Doohnamow aims for a knockout. Savoy Howe has structured her play, about a Maritime woman who heads to Toronto to come out and in the process gets involved in amateur boxing, around a 12-round match. It features Howe and Eryn Dace Trudell, with Ray Marsh -- Howe's real-life boxing coach -- as part of the action. "We fight three minutes and think for one," offers Howe, who sees the production as a chance to promote women's aggression in a world that condemns it. Directed by Moynan King and choreographed by Learie McNicolls, Doohnamow -- read it backward -- opens Wednesday (April 18) at Dancemakers (927 Dupont). 416-480-2058.
Used to be that to see a hit show offering Sunday pwyc performances you had to line up early in the morning. Not fun on a bitter winter day. That tradition's been changing slowly this past year, with theatres like the Tarragon, Factory and Theatre Passe Muraille setting aside some pre-bookable, fixed-price seats for those shows.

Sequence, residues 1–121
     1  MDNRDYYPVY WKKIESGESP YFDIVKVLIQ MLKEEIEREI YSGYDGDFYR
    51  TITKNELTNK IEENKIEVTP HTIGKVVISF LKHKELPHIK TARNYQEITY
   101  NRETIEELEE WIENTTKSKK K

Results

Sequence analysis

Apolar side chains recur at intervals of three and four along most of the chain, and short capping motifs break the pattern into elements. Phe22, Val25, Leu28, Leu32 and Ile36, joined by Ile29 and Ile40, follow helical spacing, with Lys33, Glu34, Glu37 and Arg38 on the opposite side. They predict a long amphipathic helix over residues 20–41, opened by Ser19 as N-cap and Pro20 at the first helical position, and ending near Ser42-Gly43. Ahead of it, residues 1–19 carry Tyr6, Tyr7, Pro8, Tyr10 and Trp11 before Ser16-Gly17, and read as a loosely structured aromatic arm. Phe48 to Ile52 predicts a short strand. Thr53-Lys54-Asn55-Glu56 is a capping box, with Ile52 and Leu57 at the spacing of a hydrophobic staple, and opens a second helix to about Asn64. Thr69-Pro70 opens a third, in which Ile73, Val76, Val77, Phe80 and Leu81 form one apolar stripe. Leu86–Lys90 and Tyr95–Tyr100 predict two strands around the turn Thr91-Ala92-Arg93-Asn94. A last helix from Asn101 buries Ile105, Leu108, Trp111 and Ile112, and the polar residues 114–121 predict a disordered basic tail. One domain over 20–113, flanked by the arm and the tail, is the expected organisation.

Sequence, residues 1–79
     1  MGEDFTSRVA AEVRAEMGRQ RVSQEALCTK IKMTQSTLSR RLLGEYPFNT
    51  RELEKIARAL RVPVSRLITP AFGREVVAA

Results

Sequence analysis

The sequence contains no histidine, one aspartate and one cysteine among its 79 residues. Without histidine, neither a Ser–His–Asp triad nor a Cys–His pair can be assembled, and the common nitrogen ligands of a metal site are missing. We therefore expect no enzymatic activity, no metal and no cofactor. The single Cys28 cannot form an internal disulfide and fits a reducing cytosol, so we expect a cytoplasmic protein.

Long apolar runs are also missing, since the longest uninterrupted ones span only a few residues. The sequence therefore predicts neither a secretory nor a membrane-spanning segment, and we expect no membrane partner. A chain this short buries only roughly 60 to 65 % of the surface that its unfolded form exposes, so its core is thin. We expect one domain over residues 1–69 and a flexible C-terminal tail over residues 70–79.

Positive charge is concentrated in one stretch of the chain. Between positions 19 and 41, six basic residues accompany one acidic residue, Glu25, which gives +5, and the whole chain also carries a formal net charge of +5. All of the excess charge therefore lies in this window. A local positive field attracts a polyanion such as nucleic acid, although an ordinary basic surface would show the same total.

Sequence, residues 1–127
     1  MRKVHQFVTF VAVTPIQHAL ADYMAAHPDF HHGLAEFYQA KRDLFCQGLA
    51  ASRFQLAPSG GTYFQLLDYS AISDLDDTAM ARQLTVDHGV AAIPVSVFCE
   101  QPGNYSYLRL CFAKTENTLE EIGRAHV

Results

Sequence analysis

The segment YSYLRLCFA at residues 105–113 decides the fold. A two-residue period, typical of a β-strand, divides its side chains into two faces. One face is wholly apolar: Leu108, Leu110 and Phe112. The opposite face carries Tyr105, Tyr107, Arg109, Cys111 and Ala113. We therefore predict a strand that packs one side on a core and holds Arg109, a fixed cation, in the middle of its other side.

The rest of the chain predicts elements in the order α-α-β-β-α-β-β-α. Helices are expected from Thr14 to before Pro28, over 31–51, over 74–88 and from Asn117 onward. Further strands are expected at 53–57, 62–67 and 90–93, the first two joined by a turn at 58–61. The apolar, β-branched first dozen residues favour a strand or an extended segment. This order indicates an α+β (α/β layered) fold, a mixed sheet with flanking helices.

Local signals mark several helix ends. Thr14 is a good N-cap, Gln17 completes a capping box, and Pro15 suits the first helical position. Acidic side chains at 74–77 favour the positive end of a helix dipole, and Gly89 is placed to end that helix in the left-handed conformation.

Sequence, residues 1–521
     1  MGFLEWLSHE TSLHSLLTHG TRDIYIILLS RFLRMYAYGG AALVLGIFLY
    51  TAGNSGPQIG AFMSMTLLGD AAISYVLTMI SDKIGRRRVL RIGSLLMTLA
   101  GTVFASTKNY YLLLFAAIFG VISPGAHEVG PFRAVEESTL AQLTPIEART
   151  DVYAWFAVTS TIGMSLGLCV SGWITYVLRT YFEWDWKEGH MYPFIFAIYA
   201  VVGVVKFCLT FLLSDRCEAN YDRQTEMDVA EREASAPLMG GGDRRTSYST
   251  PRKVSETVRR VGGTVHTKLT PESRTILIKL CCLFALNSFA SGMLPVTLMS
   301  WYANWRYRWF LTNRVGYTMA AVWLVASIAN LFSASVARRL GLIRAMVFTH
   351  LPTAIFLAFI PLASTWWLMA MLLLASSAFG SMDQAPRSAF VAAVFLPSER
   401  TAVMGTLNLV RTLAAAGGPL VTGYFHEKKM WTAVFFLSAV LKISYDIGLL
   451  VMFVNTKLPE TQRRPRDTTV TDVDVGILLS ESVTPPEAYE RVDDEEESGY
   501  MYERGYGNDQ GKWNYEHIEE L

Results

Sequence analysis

Award-winning young-audiences company Theatre Direct has a new, energetic artistic director in Lynda Hill, who's previously been associated with such groups as Young Peoples Theatre, Nightwood and Cahoots Theatre Projects. The first show in her tenure? Native writer Tomson Highway's premiere work for young audiences, A Trickster Tale. Its central character -- half man, half spider -- is the clown figure who's part of many nations' mythologies. Directed by Leah Cherniak, the show features Santee Smith, Jonathan Fisher, Kurt Smeaton and the too rarely seen Tanja Jacobs. Only at public schools? Pity.